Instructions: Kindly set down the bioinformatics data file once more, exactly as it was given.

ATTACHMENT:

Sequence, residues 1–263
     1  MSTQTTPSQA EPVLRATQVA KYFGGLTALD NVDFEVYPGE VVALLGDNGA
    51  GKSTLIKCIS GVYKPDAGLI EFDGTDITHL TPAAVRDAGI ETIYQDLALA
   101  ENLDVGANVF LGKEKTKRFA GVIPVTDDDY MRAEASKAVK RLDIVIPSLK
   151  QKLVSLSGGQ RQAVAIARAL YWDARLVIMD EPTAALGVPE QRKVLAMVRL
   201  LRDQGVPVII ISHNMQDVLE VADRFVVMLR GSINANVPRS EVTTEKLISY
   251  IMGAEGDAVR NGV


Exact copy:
Sequence, residues 1–263
     1  MSTQTTPSQA EPVLRATQVA KYFGGLTALD NVDFEVYPGE VVALLGDNGA
    51  GKSTLIKCIS GVYKPDAGLI EFDGTDITHL TPAAVRDAGI ETIYQDLALA
   101  ENLDVGANVF LGKEKTKRFA GVIPVTDDDY MRAEASKAVK RLDIVIPSLK
   151  QKLVSLSGGQ RQAVAIARAL YWDARLVIMD EPTAALGVPE QRKVLAMVRL
   201  LRDQGVPVII ISHNMQDVLE VADRFVVMLR GSINANVPRS EVTTEKLISY
   251  IMGAEGDAVR NGV